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Credit Lock or Credit Freeze. What’s the Difference?

If it seems it’s getting harder to protect your personal and financial information, you’re not wrong. As more of our financial activities migrate online, hackers and thieves are working overtime to find ways to compromise it.

Fortunately, there are also more options for keeping your information safe and out of the wrong hands. Two of these include a credit lock and a credit freeze. You’ve probably at least heard both terms, but you might be confused about what they are — or assume they’re the same thing.

While both a credit lock and a credit freeze serve to protect the information in your credit report, there are some key details that should help you decide which one is better for you. Let’s see what they are.

What is a Credit Lock?    a credit lock or credit freeze can protect your information

Locking your credit prevents lenders from accessing the information on your credit report. Since nearly every creditor does a credit check before extending new credit, a credit lock can help prevent identity thieves from opening fraudulent accounts in your name.

When Should I Use It?

It’s a good idea to initiate a credit lock as a preventive measure, before you suspect your information has been compromised.

Is it Permanent?

A credit lock remains in effect until you “unlock” your information, which is easy to do online or through an app. So if you’re actively seeking credit, such as when buying a home or a new vehicle, you can unlock it long enough for creditors to check, then lock it down again when the credit check is complete.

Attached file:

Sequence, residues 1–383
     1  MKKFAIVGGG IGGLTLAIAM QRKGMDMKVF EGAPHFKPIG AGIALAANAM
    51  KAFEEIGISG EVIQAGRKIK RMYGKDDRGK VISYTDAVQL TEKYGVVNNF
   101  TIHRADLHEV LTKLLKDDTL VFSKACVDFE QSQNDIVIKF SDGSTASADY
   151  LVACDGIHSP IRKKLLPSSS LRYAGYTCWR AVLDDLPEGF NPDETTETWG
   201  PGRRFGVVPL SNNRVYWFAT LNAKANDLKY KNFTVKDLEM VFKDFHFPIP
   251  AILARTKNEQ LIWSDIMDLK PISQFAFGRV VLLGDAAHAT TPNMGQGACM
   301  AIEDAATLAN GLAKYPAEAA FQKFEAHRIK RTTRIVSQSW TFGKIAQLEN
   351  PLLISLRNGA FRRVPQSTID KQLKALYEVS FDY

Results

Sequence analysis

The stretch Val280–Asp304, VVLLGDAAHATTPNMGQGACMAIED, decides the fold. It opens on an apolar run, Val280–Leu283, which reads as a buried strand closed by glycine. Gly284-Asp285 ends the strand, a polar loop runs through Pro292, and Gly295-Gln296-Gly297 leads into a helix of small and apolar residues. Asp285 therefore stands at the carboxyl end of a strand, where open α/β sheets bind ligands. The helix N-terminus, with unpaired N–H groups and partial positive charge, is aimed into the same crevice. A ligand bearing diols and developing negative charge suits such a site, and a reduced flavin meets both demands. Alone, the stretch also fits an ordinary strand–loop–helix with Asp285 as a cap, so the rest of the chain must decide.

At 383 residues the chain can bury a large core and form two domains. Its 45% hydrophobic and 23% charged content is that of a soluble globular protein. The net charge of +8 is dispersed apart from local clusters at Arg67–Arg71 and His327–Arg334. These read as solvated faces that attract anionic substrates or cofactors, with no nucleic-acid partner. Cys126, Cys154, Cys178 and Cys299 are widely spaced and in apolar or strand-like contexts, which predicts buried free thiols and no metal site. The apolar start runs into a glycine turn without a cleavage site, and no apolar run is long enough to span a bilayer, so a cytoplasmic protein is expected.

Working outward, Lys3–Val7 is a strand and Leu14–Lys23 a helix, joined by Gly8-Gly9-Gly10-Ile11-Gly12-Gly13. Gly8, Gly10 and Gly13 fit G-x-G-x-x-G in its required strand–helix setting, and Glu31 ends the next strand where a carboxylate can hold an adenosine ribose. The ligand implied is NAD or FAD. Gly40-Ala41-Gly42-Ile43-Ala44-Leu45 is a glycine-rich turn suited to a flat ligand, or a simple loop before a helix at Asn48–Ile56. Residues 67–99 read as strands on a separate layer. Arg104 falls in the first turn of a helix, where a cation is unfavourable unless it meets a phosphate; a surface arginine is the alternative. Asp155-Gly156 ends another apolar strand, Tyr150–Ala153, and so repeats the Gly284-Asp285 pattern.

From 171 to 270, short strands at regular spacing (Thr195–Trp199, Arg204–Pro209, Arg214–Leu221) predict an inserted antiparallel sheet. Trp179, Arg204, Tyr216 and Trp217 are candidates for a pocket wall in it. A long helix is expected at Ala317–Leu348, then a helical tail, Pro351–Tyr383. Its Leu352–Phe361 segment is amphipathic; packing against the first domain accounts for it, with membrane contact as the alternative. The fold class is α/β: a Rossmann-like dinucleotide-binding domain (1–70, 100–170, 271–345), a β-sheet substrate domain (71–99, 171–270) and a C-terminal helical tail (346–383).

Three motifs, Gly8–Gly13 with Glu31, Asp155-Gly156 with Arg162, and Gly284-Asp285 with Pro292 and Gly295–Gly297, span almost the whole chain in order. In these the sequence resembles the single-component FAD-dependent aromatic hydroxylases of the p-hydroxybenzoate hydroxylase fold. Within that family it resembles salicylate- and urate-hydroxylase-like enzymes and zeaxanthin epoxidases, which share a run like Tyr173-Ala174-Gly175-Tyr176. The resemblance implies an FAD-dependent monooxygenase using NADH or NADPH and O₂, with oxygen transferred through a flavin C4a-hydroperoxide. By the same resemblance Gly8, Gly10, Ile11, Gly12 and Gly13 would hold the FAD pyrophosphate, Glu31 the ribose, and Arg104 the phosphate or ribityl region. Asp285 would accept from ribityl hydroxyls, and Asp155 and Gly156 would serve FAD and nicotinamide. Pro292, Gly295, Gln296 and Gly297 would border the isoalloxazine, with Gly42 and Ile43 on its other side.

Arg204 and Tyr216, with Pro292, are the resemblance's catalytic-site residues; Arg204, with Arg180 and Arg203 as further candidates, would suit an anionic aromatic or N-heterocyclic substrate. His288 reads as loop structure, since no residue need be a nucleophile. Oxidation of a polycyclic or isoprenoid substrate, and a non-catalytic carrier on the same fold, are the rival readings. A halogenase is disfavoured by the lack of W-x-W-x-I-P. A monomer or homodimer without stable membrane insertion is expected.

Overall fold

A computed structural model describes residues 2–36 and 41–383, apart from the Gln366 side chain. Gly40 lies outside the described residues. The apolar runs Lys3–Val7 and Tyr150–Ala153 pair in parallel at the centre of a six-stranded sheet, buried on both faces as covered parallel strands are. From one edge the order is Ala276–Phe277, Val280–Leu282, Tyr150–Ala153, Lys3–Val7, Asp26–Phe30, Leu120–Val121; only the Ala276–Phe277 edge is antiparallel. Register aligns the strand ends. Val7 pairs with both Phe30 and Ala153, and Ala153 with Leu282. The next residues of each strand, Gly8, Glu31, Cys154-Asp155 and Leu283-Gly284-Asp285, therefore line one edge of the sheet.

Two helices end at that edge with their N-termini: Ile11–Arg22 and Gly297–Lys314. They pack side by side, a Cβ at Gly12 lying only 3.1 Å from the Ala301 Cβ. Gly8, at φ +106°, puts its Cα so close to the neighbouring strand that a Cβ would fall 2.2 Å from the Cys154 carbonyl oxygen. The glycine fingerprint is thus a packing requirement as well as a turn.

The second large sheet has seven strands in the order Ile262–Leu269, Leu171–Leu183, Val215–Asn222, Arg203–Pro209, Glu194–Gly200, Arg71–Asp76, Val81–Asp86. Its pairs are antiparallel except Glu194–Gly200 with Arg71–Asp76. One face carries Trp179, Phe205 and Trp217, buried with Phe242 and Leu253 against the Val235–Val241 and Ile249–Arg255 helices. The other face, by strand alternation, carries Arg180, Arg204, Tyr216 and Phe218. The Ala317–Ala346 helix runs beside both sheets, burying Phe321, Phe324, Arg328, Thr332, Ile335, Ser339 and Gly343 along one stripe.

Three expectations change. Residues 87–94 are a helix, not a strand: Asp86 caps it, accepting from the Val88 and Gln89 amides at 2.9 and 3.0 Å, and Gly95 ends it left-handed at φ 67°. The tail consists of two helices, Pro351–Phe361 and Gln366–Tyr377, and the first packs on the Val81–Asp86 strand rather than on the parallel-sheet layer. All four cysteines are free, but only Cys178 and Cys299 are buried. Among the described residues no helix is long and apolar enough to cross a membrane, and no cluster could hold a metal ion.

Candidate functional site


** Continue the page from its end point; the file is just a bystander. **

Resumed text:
Does a Credit Lock Cost Money? 

If you’re going to lock your credit, you’ll need to do so with each major credit bureau. There is no cost for a credit lock at Equifax or Transunion. Experian charges a monthly fee for a credit lock, which they bundle with other identity theft protections.

What is a Credit Freeze?

A credit freeze serves essentially the same function as a credit lock, which is to guard the information on your credit report from being used to open unauthorized lines of credit.

When Should I Use It?

If you know or suspect you have been a victim of identity theft, you’ll want to utilize a credit freeze. But you can also use a credit freeze as a precautionary measure.

Is it Permanent?

Here’s the main difference between a credit lock and a credit freeze. While you may lock and unlock a credit lock relatively quickly, it takes longer to “thaw” a credit freeze using a PIN or an account that’s password-protected. It can take up to five days to honor the request.

Does a Credit Freeze Cost Money?

Federal law requires all three credit bureaus to offer credit freeze services for free.

Additional Benefits of a Credit Lock or Credit Freeze

Along with protecting the information on your credit report, putting a credit lock or credit freeze in place is a good way to control the temptation to apply for new credit. Because you’ll have to think twice about taking on additional debt, it can be one more effective tool to help you keep your finances under control.

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